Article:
The low number of new cases spurred cautious optimism among health officials, who urged residents to stay the course on stay-at-home orders and other measures.
Los Angeles County Public Health officials reported just 239 new cases of the novel coronavirus on Monday, the lowest number of new confirmed cases since March 26, nearly three weeks ago.
Also Monday, the county reported another 25 had lost their lives, bringing the total number of deaths in the county related to the coronavirus at 320. The total number of new cases now stand at 9,420.
The county totals did not include updated counts for Long Beach and Pasadena, which operate their own health departments. Two more Long Beach residents who tested positive for the coronavirus died, city officials reported, bringing the city’s total death toll to 14. And in Pasadena, 47 new cases were reported over the weekend, bringing the city’s total to 164. Two more Pasadena residents passed away, raising the city’s death toll to nine.
As the number of confirmed cases seemed to level Ferrer, the question remained about just when the county might consider reopening businesses. But so far, that answer was not easy coming as modelling was now showing more prolonged caseloads rather than a steep spike.
“I want to be only cautiously optimistic because typically on Monday we have a lag in test results because of the weekend,” said Public Health Director Barbara Ferrer.
With President Donald Trump expressing his desire to get the economy moving again by May, Ferrer said the decision in LA County would be made locally.
“I think there’s 100% agreement that the strategies about what happens locally need to be determined by conditions locally,” Ferrer said. “I know the president is really anxious for us to reopen. Everyone knows that reopening is going to be staggered and we’re going to make sure what we don’t do is act in some haste that causes an increase in cases and most importantly the number of deaths.”
Of those whose deaths were reported Monday, 11 were over the age of 65 with underlying health conditions. Twelve were between 41 and 65, all but one of whom had underlying health conditions.
“I know that so many of you are experiencing a profound loss and you’re mourning family member and friend who died from complications from COVID-19,” Ferrer said.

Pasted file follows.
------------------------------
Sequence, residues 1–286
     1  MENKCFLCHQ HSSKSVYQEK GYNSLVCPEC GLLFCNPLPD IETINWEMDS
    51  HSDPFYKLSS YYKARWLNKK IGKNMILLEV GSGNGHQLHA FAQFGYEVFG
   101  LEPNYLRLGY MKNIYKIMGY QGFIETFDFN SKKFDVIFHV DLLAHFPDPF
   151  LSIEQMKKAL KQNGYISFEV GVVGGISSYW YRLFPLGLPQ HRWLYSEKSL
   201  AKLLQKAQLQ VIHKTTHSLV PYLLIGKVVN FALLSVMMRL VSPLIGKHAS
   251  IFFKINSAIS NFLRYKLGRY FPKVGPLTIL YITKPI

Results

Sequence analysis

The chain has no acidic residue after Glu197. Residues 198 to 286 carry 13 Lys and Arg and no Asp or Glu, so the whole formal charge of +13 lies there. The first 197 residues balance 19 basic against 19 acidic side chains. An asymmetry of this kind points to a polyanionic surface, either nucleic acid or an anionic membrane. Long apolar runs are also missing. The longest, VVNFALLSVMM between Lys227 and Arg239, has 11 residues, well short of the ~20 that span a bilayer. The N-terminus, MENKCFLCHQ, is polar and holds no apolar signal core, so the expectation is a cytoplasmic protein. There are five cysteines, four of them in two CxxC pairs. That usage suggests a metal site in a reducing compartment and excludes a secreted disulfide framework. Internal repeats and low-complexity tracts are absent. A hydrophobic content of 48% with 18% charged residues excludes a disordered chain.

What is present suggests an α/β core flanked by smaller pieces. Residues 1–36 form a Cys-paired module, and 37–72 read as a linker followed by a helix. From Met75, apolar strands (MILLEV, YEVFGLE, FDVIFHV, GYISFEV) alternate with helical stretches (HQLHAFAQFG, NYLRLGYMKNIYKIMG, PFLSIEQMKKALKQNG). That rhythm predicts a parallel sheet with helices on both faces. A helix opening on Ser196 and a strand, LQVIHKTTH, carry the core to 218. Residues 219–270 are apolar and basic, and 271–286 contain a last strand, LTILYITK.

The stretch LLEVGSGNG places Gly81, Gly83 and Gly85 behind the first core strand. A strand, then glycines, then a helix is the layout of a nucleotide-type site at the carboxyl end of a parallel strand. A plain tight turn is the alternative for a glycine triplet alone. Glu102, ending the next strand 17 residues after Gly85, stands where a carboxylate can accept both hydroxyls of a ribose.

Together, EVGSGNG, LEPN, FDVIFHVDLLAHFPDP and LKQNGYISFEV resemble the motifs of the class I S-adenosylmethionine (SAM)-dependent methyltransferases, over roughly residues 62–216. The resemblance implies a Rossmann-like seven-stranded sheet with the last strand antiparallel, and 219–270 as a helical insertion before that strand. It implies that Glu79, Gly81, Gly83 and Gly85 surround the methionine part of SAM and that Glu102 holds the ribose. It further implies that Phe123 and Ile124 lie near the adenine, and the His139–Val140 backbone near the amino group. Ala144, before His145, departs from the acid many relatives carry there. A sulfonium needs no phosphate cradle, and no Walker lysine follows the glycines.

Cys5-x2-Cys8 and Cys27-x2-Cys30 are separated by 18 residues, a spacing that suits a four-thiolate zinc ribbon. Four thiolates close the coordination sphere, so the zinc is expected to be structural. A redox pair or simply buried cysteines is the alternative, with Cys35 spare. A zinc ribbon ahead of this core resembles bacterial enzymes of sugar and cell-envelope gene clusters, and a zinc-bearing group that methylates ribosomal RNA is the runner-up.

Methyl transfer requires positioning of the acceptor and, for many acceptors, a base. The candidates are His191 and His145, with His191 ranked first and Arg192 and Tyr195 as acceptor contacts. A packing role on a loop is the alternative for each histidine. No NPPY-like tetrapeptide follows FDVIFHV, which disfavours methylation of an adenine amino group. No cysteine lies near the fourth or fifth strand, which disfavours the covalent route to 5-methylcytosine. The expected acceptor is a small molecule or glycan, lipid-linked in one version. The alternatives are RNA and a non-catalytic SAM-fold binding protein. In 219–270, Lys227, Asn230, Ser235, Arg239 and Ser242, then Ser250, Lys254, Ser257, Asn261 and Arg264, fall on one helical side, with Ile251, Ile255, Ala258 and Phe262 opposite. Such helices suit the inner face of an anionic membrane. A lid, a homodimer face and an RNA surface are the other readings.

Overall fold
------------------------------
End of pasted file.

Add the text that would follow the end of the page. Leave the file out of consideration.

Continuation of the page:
More than 28% of the deaths, 92 people, were residents at long-term care facilities. A total of 185 institutional settings now have cases with a total of 1,372 cases among staff and residents at nursing homes and assisted living facilities.
A total of three deaths have now occurred among healthcare workers. They also accounted for 787 confirmed cases. Nurses represented about 33%, doctors 9%. Roughly 43% worked at hospitals, 19% at long-term care facilities and 12% in outpatient settings. About 60% did not know or report on their source of exposure, Ferrer said. Those who did know where it came from said 24% were exposed through contact with a patient or healthcare worker.
“We continue to track what’s happening in our health care facilities so we can make sure our workers are protected to the greatest ability,” Ferrer said.
A total of 23 confirmed cases have occurred among people experiencing homelessness.
Monday’s totals did not include updated counts for Long Beach and Pasadena, which operate their own health departments. Long Beach on Monday reported two more deaths and 14 additional cases.
“This will be a critical week to see if we maintain a steady number,” Ferrer said.
Across the region, Orange County has reported 1,283 cases and 19 deaths, Riverside County 1,619 cases and 41 deaths and San Bernardino County 887 cases and 31 deaths.
Statewide, a total of 687 people have died from the coronavirus, as of Monday, April 13. Slightly more than 3,000 were hospitalized and roughly 1,178 people were in the ICU. Gov. Gavin Newsom said the Easter weekend did not see the influx that many people expected at parts and beaches.
“The curve is being bent because of you and your willingness to stay home,” Newsom said.
Newsom, along with governors of Oregon and Washington, announced an agreement Monday to work in collaboration in slowing the spread of COVID-19. But the agreement was more a series of principles than a defined action plan. Newsom also commented Monday on remarks he made last week referring to California as a “nation-state.”
“When you have a state that’s larger than the populations of 21-plus states combined, that gives you a sense of the magnitude and scale of the nations largest state, the world’s 5th largest economy,” Newsom said. “Our purchasing power allows us to do things.”